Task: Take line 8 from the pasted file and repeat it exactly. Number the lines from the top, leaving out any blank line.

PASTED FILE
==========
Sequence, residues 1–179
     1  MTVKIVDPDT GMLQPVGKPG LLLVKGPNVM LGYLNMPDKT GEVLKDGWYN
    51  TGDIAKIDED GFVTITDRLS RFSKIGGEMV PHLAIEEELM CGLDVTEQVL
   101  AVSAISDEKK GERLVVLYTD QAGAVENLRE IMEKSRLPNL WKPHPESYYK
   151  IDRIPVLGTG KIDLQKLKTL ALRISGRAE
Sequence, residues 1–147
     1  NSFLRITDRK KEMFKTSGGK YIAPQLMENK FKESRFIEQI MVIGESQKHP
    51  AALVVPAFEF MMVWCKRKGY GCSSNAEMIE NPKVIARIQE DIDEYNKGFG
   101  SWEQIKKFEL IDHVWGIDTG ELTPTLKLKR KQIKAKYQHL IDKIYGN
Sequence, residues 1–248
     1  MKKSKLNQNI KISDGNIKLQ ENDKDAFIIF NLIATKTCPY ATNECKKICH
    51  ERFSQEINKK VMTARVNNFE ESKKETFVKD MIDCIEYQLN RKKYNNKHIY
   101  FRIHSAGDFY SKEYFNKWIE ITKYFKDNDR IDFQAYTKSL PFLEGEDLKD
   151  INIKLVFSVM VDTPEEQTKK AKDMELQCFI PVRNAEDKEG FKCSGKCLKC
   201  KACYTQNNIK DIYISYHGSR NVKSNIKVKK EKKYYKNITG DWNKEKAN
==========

    51  AALVVPAFEF MMVWCKRKGY GCSSNAEMIE NPKVIARIQE DIDEYNKGFG